Age. There is a demographic thing happening and we are in it.

Ten million people in the UK are over 65 years old. The latest projections are for 5.5 million more ‘elderly’ in 20 years, and around 19 million by 2050.

I can’t hold these statistics in my head. I can only balance the fact of friends who have died in their forties and fifties against the phenomenon of a mother who is 91, and an uncle who is nearly 89. My dad died in 1987, at the age I am now.

So when my 91-year-old mother had a bad fall three weeks ago, it seemed almost attention-seeking to make a fuss. My sister and I had each other, and our partners and children, and our own reserves of health and strength. We were coping fine with the hospital visits. And mum has had a good, long life. And yet.

She also has that illness you now hear so much about: Alzheimer’s Dementia. This meant she didn’t remember the circumstances of the fall, and didn’t understand why she was in hospital, more confused than usual, and in pain from the terrible bruising and broken wrist. She was frightened. She was frightened in much the same way my granddaughter might have been. My mother wanted her mum.

It’s not uncommon in people with dementia to ask for their mothers. Nor is it as tragic as it sounds, because although these mothers are long dead, that fact has been forgotten. It seems the missing mothers are simply detained somewhere; they may arrive at any moment. In fact, if someone hugs the confused person who is looking for her mother – even she is hugged by one of her own daughters – she may feel that daughter is her mother, and be comforted.

By some odd synchronicity, mum’s crisis co-incided with the publication of Paula Jennings’ Under a Spell Place, a sequence of poems in the voice of a woman with dementia who communicates in a way that is both rich and strange. And that’s what happens with this illness. Our brains – even when damaged – make extraordinary creative leaps of communication. My mother, who was doped up to the eyeballs with analgesia, said ‘I’ve lost me. Help me find me.’

I don’t mean to write about this in a tear-jerking way. Mum was simply being accurate: that is how it feels. And she has recovered her ‘self’ for the time being, through the affectionate and supportive care of nursing staff, family and carers. Soon she was mischievous and funny again. When offered painkillers, she said, ‘No thank you. The pain is killed.’ And to me, ‘This will be you one day, you know.’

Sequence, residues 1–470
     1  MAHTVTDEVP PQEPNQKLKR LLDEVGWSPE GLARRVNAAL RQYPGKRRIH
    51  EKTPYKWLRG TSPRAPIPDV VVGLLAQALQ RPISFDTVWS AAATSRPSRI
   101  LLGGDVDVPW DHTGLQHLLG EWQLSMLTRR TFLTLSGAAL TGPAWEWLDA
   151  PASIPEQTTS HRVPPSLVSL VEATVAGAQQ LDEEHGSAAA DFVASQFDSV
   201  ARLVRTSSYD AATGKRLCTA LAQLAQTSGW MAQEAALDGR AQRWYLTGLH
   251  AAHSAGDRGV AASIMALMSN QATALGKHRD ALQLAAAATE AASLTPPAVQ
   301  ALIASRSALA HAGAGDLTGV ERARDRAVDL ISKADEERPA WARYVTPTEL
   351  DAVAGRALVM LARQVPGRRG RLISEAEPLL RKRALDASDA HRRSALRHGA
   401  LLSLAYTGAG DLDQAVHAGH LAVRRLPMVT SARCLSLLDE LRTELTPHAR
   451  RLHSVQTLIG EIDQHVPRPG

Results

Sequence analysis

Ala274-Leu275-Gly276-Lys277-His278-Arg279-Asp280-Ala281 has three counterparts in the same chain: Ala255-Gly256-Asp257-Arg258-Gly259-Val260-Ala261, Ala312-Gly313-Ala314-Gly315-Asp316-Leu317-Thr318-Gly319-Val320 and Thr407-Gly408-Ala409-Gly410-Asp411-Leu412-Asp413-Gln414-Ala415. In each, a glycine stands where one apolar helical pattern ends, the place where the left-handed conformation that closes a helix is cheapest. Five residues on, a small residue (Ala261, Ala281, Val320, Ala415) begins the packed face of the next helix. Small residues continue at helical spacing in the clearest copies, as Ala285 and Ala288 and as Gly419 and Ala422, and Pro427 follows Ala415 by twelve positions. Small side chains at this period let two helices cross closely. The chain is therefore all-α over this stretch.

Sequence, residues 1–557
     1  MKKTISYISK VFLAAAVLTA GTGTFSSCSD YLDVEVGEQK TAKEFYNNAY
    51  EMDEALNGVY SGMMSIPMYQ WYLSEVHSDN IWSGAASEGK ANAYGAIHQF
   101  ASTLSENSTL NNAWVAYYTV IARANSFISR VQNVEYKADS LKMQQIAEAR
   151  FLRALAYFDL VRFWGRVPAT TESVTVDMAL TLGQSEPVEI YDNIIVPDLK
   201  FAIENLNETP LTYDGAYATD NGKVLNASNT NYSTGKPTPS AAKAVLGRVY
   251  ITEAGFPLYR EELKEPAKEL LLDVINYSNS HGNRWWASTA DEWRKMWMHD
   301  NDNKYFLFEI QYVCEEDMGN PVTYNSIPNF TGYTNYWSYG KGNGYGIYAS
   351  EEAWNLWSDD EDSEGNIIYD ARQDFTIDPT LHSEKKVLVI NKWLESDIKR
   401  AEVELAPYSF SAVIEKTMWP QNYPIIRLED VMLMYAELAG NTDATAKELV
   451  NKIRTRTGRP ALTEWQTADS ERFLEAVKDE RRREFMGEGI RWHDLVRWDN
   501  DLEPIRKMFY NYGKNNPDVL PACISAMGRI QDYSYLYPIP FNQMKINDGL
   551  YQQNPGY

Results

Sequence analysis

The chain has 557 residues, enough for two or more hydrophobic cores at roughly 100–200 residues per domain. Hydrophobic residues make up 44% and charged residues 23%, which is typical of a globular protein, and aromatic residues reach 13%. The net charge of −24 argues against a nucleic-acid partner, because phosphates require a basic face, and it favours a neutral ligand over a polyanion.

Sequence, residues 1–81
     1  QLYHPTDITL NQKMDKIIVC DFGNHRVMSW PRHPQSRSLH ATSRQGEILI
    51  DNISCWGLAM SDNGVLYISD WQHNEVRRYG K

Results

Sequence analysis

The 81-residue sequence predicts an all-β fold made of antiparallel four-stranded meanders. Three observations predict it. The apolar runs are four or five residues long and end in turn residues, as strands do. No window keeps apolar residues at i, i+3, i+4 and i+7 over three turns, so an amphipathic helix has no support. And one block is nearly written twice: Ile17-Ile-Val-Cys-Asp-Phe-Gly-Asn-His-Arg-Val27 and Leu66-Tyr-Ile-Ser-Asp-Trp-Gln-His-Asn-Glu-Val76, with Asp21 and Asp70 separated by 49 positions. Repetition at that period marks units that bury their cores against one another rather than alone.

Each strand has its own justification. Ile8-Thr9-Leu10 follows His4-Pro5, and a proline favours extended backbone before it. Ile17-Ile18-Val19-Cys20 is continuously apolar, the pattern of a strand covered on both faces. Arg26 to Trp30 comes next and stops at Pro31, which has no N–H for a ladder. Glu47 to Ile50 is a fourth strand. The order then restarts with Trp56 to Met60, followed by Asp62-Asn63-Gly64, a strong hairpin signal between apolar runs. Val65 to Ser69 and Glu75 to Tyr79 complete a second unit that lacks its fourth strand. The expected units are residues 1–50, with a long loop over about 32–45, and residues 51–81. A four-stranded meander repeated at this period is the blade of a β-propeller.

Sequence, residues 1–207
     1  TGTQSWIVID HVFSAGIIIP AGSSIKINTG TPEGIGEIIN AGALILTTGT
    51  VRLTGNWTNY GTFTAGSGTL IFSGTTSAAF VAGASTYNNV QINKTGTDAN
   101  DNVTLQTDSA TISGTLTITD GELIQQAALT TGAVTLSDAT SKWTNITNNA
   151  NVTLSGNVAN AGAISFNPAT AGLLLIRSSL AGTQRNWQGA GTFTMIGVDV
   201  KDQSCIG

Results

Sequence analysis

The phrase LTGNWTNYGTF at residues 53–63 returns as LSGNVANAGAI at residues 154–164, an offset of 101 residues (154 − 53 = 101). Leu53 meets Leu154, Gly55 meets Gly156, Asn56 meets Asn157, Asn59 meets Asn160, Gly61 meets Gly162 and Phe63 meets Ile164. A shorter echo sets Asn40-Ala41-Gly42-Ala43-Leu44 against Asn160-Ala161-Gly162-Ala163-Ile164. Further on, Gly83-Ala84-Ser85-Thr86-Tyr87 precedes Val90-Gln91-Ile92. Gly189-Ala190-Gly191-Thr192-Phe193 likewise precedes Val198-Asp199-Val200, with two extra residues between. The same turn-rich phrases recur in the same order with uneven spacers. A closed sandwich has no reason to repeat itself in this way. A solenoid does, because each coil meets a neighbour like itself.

It is not a tragedy. It is just another thing that happens to us, and the chances are greater the longer we live: the brain going AWOL, the confusion and the absurdity, and the loving reassurance that mysteriously arrives from unexpected quarters.

All of this is in Paula’s Under a Spell Place, and it was in my life too last week. ‘You’re going to have to drink quite a lot of tea,’ says the poem. And I did. ‘It can be really delicate to get there / and come back again.’ Indeed.

Our mother is unlikely to go back to the house where she was living before the fall. It’s time for her to live with other people in a safer environment. A ‘home’, yes. So my sister and I started to sort out papers that she now can’t sort out for herself.

She used to write a lot: stories, poems, quotations copied from here and there. In her honour, here is one of the faded scraps we came across. I think she wrote it herself, a long time ago (it is certainly typed out by her on her old typewriter, with a couple of pencil corrections in her own hand) but I don’t know at what age, or why, or what the context was. Only that there was undoubtedly a context, and when my sister and I found it, we were moved.

Our mother was once good at telling her own story. I should perhaps add that she was, for many years, a primary teacher and read stories to hundreds of children in her time. Here, in her own words, is a bit of her. What are we, after all, but bits of stories, told and untold?

The Gift
by Kathleen Curry

When he saw the shining gift of Love he became angry, and refused to accept it. At first the girl could not believe it, but at last she saw the coldness in his eyes and sadly she took her gift home again.

For several years it lay on the shelf, and every time she looked at it she felt a great ache in her heart. Then one day there was a knock at her door – he had come back! This time she could see he needed the gift even more desperately, and with light feet she ran to get it and placed it in his arms. When he had gone away with it, she felt greater joy than she had ever felt in her life before. The day seemed full of sunshine, and nothing was an effort to her.

For two weeks she felt life was wonderful, and then it happened. She found her lovely gift left on her doorstep, with a little note to say he had decided not to keep it, as it was rather a bother to look after. ‘I expect that I shall be able to find enough old bits of love lying around to keep me going,’ he wrote.

She thought her heart would break. She laid the gift back on its shelf, but she could hardly bear to look at it. At last she decided it was a pity to waste such a wonderful gift, so she took a sharp knife and cut it into sixty pieces. She gave the pieces to sixty children she knew, and they each took it out into the world with them where it grew and spread, and shed its own special warmth.

As for the girl, once the gift had been given away for good she felt at peace. The great joy she had once known never came back, but in a quiet way she was just about as happy as people ever are.